Everyone wants to be the “cool” dentist, the one who has hundreds of Likes and a string of followers to re-tweet their updates. You know that a strong social media presence will benefit your practice by increasing your visibility and generating word of mouth. The only problem? It’s been months since you created your Facebook page, but you still have only a handful of fans. Perhaps, you think, our lack of followers makes us seem uncool. You have two options to boost your social media presence. You can do it the right way, integrating social media and blogging into your current marketing strategy, or you can do it the Newt Gingrich way.

You Mean the Wrong Way?

Exactly. In 2011, the Gingrich PR machine decided that his paltry Twitter following was unworthy of a Presidential candidate. Instead of using social media to engage, entertain, and inform voters, someone took a shortcut and paid for nearly 1 million followers. Gingrich was left with egg on his face after a staff member alerted the press to the fact that 92% of his followers were dummy accounts-for-hire. These accounts, which you can purchase on dozens of websites, are typically generated en masse and lack user photos, valid email addresses, comments, and updates.

Is Padding Your Numbers Really That Bad?


  • Social media analytics lose all functionality, because you can’t analyze an imaginary friend. You have no way to determine what works and what doesn’t.
  • The number of followers has negligible influence over whether a user will subscribe to your updates. More important are the quality, frequency, and variety of your content.
  • A large number of followers who don’t comment, share, Like, or post to your profile affects your rate of engagement, raising red flags in the eyes of legitimate social media users.  The fact that someone “Likes” your page doesn’t automatically make it likeable.
  • It’s dishonest. Period.

Social media isn’t a numbers game. I admit that I feel a surge of pride each time MDPM gains a new fan (Hint, hint), but the value of social media stems from opportunities to build long-term relationships with current and would-be patients. Quantitative data, such as what you find in Facebook Insights and Twitter Analytics, only goes so far.

About the Author: With her winsome personality and affinity for cat pictures, Jill Nastasia, CEO of MDPM Consulting, doesn’t have to worry about buying Facebook friends to look cool. Sometimes she gets tired of people offering to pay her to be their Facebook friend. She’s turned down Mark Zuckerberg at least 4 times now. That guy never gives up.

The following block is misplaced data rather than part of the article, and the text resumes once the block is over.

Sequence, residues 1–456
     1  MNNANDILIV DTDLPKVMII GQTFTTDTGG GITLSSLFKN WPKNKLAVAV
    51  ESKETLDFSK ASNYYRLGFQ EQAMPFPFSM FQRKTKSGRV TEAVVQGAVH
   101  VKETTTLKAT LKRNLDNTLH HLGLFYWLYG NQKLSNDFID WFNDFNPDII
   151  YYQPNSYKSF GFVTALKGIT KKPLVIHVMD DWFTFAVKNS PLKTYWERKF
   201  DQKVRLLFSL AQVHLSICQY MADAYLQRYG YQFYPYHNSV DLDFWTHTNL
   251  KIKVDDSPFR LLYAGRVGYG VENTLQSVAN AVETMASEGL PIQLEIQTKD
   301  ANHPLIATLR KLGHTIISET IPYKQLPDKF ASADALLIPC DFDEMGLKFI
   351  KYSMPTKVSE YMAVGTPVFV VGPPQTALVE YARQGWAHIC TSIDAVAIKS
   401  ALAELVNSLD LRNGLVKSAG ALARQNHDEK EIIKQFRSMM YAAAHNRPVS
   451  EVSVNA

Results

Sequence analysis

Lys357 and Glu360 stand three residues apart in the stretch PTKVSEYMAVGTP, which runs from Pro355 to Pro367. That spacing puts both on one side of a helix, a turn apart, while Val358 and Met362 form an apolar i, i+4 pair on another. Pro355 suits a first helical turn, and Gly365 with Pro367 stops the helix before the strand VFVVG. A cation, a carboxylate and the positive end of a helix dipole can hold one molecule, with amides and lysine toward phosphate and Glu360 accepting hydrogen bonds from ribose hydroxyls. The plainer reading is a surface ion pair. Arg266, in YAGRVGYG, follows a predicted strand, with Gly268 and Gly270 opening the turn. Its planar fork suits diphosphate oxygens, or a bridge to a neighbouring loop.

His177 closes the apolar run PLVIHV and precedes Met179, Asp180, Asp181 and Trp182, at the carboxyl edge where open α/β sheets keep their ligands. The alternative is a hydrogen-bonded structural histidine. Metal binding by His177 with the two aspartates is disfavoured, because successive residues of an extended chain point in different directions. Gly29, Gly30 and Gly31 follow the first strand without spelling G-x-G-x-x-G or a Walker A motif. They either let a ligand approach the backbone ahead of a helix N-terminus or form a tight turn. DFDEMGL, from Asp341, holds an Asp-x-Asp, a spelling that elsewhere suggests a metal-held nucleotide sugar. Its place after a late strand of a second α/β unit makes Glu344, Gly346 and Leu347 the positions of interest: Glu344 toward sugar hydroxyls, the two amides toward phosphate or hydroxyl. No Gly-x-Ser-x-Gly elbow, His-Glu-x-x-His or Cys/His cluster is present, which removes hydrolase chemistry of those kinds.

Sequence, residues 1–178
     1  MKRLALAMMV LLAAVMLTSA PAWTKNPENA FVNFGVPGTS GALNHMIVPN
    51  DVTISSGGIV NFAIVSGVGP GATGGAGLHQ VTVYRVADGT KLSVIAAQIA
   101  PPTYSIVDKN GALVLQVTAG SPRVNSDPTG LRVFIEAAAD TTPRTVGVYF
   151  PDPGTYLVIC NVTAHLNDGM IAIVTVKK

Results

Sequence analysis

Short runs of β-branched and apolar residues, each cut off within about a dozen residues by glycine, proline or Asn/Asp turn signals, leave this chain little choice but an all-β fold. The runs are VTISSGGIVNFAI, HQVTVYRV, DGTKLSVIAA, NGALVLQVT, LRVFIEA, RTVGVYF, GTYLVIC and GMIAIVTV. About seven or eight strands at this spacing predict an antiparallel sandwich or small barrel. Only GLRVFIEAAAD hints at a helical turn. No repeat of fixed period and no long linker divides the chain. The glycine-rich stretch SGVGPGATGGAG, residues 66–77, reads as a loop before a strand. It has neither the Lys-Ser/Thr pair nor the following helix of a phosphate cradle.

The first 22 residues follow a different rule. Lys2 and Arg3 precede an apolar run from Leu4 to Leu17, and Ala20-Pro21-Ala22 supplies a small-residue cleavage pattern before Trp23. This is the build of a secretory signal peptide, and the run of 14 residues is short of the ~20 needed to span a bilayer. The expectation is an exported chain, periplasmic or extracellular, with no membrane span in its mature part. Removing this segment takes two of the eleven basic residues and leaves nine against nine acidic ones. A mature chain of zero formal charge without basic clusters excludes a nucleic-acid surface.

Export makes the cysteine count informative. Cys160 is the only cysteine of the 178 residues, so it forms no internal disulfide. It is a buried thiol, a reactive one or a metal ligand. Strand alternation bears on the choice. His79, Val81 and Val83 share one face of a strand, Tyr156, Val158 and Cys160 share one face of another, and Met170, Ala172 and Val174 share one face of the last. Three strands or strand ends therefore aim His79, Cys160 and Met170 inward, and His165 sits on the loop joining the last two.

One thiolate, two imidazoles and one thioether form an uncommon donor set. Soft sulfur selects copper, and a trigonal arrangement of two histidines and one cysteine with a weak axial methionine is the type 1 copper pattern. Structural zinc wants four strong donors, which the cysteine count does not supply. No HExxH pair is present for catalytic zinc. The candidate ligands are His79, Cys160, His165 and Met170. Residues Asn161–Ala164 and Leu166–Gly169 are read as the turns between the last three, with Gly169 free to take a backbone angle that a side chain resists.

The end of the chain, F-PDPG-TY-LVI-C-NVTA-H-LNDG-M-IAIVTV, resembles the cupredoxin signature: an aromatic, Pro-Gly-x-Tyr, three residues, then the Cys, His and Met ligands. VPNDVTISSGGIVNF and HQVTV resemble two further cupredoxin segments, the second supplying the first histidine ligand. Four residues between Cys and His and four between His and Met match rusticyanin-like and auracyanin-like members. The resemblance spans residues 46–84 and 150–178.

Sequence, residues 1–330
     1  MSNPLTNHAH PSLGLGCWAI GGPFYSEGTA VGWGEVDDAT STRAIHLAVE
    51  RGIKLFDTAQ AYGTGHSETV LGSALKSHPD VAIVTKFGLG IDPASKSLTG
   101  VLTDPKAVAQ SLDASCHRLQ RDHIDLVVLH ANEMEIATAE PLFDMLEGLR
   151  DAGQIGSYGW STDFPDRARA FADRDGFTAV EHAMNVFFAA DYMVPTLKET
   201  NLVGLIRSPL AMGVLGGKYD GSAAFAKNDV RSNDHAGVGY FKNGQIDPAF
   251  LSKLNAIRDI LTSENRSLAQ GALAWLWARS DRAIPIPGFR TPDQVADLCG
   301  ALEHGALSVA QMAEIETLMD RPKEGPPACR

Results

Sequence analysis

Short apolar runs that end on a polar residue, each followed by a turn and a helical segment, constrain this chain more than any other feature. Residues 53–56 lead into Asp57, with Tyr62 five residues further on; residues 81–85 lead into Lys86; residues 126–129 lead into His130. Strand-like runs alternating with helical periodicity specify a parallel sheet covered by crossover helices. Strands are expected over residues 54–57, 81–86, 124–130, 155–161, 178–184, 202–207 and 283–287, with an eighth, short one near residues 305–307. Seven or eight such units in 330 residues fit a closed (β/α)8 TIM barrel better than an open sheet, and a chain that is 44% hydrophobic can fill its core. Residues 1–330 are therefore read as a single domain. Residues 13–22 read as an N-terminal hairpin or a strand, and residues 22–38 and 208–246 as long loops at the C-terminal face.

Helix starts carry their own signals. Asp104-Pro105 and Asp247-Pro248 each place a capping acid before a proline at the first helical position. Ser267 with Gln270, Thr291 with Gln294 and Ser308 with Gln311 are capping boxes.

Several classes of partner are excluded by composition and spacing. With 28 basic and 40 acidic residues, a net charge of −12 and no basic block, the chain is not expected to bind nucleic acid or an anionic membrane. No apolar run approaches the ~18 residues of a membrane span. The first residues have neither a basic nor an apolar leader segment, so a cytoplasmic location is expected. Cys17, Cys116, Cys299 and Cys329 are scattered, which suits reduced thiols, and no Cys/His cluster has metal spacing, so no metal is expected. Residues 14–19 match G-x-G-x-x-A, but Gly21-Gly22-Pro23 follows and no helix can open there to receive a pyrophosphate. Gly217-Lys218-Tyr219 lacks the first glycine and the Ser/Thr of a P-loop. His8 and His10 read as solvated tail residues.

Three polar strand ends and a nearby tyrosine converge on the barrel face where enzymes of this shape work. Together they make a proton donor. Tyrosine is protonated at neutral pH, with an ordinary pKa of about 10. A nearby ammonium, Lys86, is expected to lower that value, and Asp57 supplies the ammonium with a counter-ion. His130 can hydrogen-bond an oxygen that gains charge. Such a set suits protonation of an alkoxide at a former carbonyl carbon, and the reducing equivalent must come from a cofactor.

How to Use Your Facebook Personal/Professional Profile in Dental Marketing

A Livonia dentist who’s near and dear to my heart recently asked Jill how his business Facebook page could like or recommend another business, or photo, or person, or anything. Her answer was, options are very limited. You’ll have a lot more opportunity doing these things as a human, but as a professional. Here’s my advice for MDPM dental website clients – and any dentist who wants to make his mark on Facebook.

Don’t Let College Joe Ruin Joseph Q. Doe, DDS’ Reputation

I’ve seen both sides of the spectrum: dentists who like to post shirtless beach photos of themselves on Facebook, and those who think Facebook is the devil. Both profiles, and dentists who fall in between, need to create a human, or personal, Facebook page, dedicated exclusively to professional interactions. So, if you don’t have a Facebook profile, create one under your professional name. If you do have a profile you use for personal stuff, create another one dedicated to the professional you.

What to Post as a Professional

Relevance. That’s what it’s all about. You must relate to your professional connections on a personal level. That’s what social networking is – sharing information as a human, and participating in the lives and ideas of others. Do not use your professional Facebook profile for ads and special offers about your practice. Leave those posts for your business page. Instead, share some of your tasteful family photos, discuss community events, the school district’s success, and congratulate specific patients on promotions, new babies, marriages, and anniversaries. Be real, but be professional.

Step By Step

  1. First, log out of Facebook. Read More